07/20/2011: As the CRW is deployed to carry its core missions, security is a must. Sgt. Gomez led the discussion during the SLD visit to the CRW about this challenging task.
Credit: SLD 2011
Sgt. Gomez: I’ve been with this CRW, actually, since its inception in 2005.
SLD: You’re that old?
Sgt. Gomez: I’ve been here for a while, sir. I was actually in the AMOG 621st Air Mobility Operations Group [621st AMOG] prior to it becoming a CRW here. I have deployed a few times in Iraq. And you are looking at some of the tools of the trade. Basically, we at security forces are in charge of integrated base defense. And in the CRW, we’re uniquely suited where we can actually integrate non-security forces personnel into our defenses.And unlike typical Air Force units, airmen do arm when they deploy. But we’re unique in that everybody in the CRW has an individually assigned weapon. It’s their weapon, they train with it, at home station, they deploy with it downrange.
SLD:Sort of Marine Corps like.
Sgt. Gomez: Very similar, sir. The Air Force is just now trying to go to that integrated base defense concept, and it’s basically a Marine Corps idea…every marine is a rifleman first is the concept.For the majority of the CRW personnel, we issue M16 series rifles.
SLD: This approach allows you to have a much leaner operation.
Sgt. Gomez: Absolutely, sir. We carry the M4 variants as the security forces personnel. Whereas the rest of the CRW, non-security forces personnel will carry the M16A2 or the M16, depending on their particular duty position.We utilize the M249 in an automatic rifleman role, basically supports the rifleman. We don’t typically use it in stationary mode, because for its volume of fire, it’s a lot lighter, maneuverable, you can move it around.For stationary light machine guns, we use the M240 Bravo. It’s the 762 variant of this design… puts down a heavier volume of fire. A little bit more effective against the light armored targets. And then, we utilize the Browning M2 for our standoff role.We also have a sharpshooter sniper capability. I actually manage the sniper/sharpshooter program for the wing.We utilize the M24 sniper weapon system. Our sniper weapon system is a bolt gun, you can’t go wrong there. It’s tremendously accurate. It’s reliable.
SLD: You are the deployed defense for the CRW.
Sgt. Gomez: Yes, for us, the sniper and the heavy weapons capability are actually critical to our defenses. They allow us with the smaller package to be a little bit more robust to get that reach out and touch somebody capability, because our big thing in defense is standoff. A lot of what we’re dealing with now with indirect fire and IEDs, we want to be able to get to them before they can get to us.With our sniper rifle, we can get that standoff capability.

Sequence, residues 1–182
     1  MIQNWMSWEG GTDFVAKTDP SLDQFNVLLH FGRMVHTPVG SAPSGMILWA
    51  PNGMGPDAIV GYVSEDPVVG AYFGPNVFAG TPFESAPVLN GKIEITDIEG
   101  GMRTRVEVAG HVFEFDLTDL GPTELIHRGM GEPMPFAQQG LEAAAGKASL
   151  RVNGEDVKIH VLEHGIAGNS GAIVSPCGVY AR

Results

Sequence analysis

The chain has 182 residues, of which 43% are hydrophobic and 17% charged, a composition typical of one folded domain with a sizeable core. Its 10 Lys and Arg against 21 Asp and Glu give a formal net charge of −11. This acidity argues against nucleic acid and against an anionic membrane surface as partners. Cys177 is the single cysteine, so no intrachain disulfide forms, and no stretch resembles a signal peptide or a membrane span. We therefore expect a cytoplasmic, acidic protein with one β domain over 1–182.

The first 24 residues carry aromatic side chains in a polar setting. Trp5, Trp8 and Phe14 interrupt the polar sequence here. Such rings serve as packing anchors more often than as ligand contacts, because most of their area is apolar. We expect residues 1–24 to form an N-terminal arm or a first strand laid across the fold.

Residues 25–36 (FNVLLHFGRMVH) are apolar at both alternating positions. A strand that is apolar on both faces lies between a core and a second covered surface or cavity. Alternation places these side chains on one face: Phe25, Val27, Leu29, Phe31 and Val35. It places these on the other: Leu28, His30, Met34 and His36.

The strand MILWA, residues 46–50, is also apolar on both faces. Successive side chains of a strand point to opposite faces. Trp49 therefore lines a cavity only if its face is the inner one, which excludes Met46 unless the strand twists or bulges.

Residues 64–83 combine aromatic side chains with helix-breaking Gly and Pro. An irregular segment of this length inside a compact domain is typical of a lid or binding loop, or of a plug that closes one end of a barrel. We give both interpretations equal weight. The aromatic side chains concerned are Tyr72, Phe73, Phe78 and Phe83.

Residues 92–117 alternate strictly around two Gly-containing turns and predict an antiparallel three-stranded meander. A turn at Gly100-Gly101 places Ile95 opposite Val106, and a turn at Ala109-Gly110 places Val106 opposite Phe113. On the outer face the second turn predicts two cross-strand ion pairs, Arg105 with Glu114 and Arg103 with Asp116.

SSG. Scott Adams: I’m in charge of the weapons vault for the wing. We have weapons that we track and need to be cleaned up and ready to go at a moment’s notice.It’s an armory, you have to be armed up when we’re inside the perimeter. I am not a Security Forces member, per se. One of the vehicles that you just looked at over there, that’s my primary duty. But in the CRW, you have to learn a little bit of everything and everybody has to wear multiple hats.
SLD: I’ll ask you one last question. What’s been the biggest challenge when you deploy?
Sgt. Gomez: From my perspective, I think the biggest challenge is being the primary Air Force presence in that particular area of operations.For example, we opened up air operations at Camp Striker in 2005. It was an Army base, there were Army rotary wing assets, but there wasn’t an Air Force presence at the base. We came in as a small, robust package. We were the Air Force. We were the Air Force presence. So to me, that was a huge challenge. We didn’t have the level of Air Force support you would in a typical Air Force unit at an Air Force base. We have to learn to speak Army and Marine in order to be able to interface with our sister services.And that can be quite challenging coming from an Air Force background.